Small World

There is just one spot on earth from which, in an hour’s driving time or less, a motoring tourist can reach either Athens, Belfast, Belgrade, Bremen, China, Denmark, Dresden, Frankfort, Limerick, Lisbon, Madrid, Mexico, Naples, Norway, Oxford, Palermo, Paris, Peru, Poland or Vienna. The spot is situated at about 44° 9′ north latitude, 69° 51′ west longitude, in the county of Sagadahoc, state of Maine, U.S.A., and it is surrounded by towns bearing these names, no one of them more than fifty-five miles away.

— Gary Jennings, Personalities of Language, 1965

On a board in front of a stage-office in Buffalo, I once read, ‘Stages start from this house for China, Sardinia, Holland, Hamburg, Java, Sweden, Cuba, Havre, Italy, and Penn Yan.’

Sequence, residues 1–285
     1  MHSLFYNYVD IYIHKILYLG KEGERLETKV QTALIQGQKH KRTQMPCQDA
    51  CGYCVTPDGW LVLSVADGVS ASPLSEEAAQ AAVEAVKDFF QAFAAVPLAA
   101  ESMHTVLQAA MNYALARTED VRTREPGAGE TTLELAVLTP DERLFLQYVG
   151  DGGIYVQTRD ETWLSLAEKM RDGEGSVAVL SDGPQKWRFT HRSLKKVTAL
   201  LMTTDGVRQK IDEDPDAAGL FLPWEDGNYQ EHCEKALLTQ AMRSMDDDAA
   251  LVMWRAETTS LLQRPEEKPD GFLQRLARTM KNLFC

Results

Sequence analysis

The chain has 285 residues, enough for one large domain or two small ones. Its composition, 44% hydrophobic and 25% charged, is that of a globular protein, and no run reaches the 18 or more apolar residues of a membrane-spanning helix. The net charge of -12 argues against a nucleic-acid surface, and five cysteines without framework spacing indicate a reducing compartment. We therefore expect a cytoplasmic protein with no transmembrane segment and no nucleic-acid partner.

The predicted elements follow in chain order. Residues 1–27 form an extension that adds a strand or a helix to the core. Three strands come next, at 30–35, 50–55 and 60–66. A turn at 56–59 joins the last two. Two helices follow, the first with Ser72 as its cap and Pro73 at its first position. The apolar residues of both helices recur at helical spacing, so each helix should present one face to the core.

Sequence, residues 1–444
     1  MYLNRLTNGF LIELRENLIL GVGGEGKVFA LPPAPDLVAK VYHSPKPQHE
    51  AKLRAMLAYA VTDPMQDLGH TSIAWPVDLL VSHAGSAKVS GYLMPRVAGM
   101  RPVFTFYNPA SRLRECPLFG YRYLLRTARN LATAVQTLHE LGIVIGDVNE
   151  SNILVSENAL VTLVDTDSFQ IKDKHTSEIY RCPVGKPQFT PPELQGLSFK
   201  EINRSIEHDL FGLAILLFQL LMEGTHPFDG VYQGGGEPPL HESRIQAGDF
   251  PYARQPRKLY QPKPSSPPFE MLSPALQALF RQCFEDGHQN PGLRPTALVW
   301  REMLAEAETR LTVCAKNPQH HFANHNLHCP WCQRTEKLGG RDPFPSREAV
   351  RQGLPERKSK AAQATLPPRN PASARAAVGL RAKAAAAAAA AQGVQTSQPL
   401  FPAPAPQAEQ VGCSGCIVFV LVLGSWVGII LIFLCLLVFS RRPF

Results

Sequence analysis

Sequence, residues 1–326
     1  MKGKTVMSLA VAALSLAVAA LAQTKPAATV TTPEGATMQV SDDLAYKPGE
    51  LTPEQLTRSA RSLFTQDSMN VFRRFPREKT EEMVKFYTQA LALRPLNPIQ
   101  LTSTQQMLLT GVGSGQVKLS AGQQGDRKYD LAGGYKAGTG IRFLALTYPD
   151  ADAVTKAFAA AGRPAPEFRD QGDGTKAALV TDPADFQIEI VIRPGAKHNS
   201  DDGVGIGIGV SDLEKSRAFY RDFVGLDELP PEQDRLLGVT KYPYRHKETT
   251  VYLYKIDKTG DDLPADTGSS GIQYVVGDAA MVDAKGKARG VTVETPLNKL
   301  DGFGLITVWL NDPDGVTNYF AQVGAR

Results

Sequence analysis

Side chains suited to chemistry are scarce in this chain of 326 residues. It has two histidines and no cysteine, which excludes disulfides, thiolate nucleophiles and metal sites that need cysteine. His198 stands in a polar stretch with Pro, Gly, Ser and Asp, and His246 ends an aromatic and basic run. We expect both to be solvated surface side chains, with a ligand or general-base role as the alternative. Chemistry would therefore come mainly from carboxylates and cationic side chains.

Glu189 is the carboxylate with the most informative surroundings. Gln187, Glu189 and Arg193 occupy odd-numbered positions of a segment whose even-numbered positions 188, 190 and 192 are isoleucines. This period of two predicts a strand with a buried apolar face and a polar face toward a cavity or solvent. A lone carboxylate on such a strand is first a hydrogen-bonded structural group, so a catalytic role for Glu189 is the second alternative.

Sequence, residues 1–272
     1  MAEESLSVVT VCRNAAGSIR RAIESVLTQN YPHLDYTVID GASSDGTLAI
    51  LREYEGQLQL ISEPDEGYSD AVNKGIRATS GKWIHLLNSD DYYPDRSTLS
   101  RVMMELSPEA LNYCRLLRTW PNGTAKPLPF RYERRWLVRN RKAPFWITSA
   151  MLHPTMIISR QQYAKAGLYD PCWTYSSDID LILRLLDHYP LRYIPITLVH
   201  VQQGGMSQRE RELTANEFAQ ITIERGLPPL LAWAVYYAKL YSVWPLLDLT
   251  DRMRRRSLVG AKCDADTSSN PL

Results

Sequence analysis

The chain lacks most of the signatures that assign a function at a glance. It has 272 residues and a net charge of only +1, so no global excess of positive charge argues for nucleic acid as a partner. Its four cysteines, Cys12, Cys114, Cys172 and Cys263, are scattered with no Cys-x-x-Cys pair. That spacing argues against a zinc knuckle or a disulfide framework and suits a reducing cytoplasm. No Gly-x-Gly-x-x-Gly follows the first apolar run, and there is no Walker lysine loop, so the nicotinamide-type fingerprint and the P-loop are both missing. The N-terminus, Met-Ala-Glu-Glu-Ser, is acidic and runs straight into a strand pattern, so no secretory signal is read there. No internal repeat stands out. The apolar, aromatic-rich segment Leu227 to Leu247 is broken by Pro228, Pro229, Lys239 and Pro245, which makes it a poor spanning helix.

— James Freeman Clarke, On Giving Names to Towns and Streets, 1880

Low Profile

No building in Washington, D.C., is taller than the Washington Monument.

The city enacted a height restriction in 1899 to protect Thomas Jefferson’s vision of an “American Paris” with “low and convenient” buildings on “light and airy” streets.


Weirton, W.Va., is the only town in the United States that borders two different states on opposite sides.

The town borders Ohio directly on the west and Pennsylvania on the east.


Between 1963 and 1987, a tortoiseshell cat named Towser caught an estimated 28,899 mice in Scotland’s Glenturret Distillery. (Mice like barley.) Her prowess earned her a bronze statue and a place in the Guinness Book of Records.

Her paw prints appeared on each bottle of Fairlie’s Light Highland Liqueur.